In the spirit of retaining a sense of individuality and personal space, Dr. Chakravarty advises that “other than having a common goal, each partner should have unique goals and priorities to nurture the relationship”. Nurturing your own ambitions, interests and devoting some time only to yourself can help you be the best version of yourself, thereby helping you be a better partner as well. You should not feel like you have to give up all the things you love for the person you love. Therefore, all healthy relationships need to have boundaries. A 2021 paper in The SMU Journal suggests identifying and communicating your personal boundaries to your partner and then allowing them some time to process and accommodate them. With a little effort, learning about each others’ comfort zones can greatly enhance your knowledge about your likes and dislikes and help you navigate through them better.
4. Liking each other as people
In the 2015 book Principles of Social Psychology : 1st International Edition, authors Charles Stagnor, Rajiv Jhangiani and Hammond Tarry note that “over time, cognition becomes relatively more important than passion, and close relationships are more likely to be based on companionate love (love that is based on friendship, mutual attraction, common interests, mutual respect, and concern for each other’s welfare) than on passionate love”. We often make the mistake of assuming that being emotionally attached or physically attracted to someone equals liking who they are as people. You can be head-over-heels in love with your partner but still not enjoy their company or like certain aspects of their personality. While some opinions and actions are inexcusable, you can try exploring ways to bridge the gap between or coexist with the little differences you might have. Dr. Chakravarty explains, “a deep likeness for an individual enables us to respect and value the differences also. When partners like each other they respect the growth and try to look beyond the looks, charm and physical features”.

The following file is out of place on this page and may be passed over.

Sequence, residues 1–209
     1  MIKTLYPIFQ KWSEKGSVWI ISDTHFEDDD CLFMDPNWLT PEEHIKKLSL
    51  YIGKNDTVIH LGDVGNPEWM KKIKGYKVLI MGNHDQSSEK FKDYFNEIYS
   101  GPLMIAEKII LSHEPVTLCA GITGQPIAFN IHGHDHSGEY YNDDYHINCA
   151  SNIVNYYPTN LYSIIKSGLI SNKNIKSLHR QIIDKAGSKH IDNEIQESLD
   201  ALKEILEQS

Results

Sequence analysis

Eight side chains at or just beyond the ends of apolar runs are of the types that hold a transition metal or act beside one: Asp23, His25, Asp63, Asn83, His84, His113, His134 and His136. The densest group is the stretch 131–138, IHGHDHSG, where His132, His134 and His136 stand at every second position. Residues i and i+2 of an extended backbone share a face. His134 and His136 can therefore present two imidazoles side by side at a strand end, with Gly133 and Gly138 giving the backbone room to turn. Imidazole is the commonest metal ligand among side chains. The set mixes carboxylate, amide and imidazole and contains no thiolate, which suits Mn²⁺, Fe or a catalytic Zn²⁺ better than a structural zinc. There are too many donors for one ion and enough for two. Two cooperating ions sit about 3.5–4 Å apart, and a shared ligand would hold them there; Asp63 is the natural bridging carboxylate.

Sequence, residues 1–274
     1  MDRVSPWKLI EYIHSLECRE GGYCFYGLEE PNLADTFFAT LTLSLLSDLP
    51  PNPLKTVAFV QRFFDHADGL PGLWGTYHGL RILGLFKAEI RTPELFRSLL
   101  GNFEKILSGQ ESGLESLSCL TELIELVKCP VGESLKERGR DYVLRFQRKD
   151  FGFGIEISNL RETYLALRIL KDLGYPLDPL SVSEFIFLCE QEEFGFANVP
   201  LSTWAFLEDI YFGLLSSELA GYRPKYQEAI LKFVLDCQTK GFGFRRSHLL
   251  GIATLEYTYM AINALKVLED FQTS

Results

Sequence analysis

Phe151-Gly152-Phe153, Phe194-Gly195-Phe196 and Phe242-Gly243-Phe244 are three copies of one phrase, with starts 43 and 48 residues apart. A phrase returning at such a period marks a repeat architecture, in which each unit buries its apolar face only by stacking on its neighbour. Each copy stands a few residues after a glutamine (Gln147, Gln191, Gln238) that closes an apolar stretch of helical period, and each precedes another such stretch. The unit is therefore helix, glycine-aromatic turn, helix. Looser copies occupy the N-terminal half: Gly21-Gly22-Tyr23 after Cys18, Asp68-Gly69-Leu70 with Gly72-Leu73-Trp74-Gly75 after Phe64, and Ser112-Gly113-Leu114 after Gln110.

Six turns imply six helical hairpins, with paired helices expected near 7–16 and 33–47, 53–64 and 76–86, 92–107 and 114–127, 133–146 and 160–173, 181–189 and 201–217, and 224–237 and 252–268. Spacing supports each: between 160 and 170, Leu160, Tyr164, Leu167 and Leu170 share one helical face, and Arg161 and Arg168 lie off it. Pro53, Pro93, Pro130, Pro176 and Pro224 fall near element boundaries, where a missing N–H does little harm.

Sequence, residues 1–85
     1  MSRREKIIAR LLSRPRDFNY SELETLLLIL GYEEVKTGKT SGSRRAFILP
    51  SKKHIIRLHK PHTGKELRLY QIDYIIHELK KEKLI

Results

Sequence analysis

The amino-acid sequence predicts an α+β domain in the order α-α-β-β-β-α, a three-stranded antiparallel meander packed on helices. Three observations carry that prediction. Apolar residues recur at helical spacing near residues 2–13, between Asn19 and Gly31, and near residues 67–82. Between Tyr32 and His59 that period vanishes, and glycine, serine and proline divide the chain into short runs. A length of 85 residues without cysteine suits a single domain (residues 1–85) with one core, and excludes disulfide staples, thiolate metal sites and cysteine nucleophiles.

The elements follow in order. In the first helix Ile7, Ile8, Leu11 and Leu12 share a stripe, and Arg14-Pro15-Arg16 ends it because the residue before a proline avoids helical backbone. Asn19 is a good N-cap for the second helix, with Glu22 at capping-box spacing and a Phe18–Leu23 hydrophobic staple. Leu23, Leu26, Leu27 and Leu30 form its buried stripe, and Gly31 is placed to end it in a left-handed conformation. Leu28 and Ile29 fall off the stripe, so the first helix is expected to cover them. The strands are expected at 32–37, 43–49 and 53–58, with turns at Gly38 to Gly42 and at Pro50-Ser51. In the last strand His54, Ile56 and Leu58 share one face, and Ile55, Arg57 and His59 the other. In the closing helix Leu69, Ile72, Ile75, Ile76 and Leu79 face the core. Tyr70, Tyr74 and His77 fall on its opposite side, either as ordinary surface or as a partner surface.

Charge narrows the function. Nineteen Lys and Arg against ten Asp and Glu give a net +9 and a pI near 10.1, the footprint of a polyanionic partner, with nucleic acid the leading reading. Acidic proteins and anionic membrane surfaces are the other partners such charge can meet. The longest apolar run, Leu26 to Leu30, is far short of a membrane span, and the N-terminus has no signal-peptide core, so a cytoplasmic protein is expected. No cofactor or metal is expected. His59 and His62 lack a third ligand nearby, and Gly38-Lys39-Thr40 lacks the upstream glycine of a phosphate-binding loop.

5. Being practical about the future
According to six studies published in a 2018 paper of the Journal of Experimental Psychology: General, “people base their commitment to a relationship more on their expected future satisfaction with the relationship than on their current satisfaction with that relationship”. Among many other things, love can be impulsive. However, as time goes on, you might find your lives going in directions that don’t perfectly align with each other. This is where having difficult conversations becomes very important. You and your partner need to ask each other where you are in life, what you expect from this relationship and where you see this going in the future. By staying on the same page, you can avoid misunderstandings or feelings of being unfairly led on. Dr. Chakravarty suggests the conversations be transparent and reflect your willingness to take responsibility. Try to understand where they are coming from instead of having preconceived notions about their opinions. “Pay attention to microexpressions and make them positive. Most importantly, focus on responding more than reacting,” she concludes.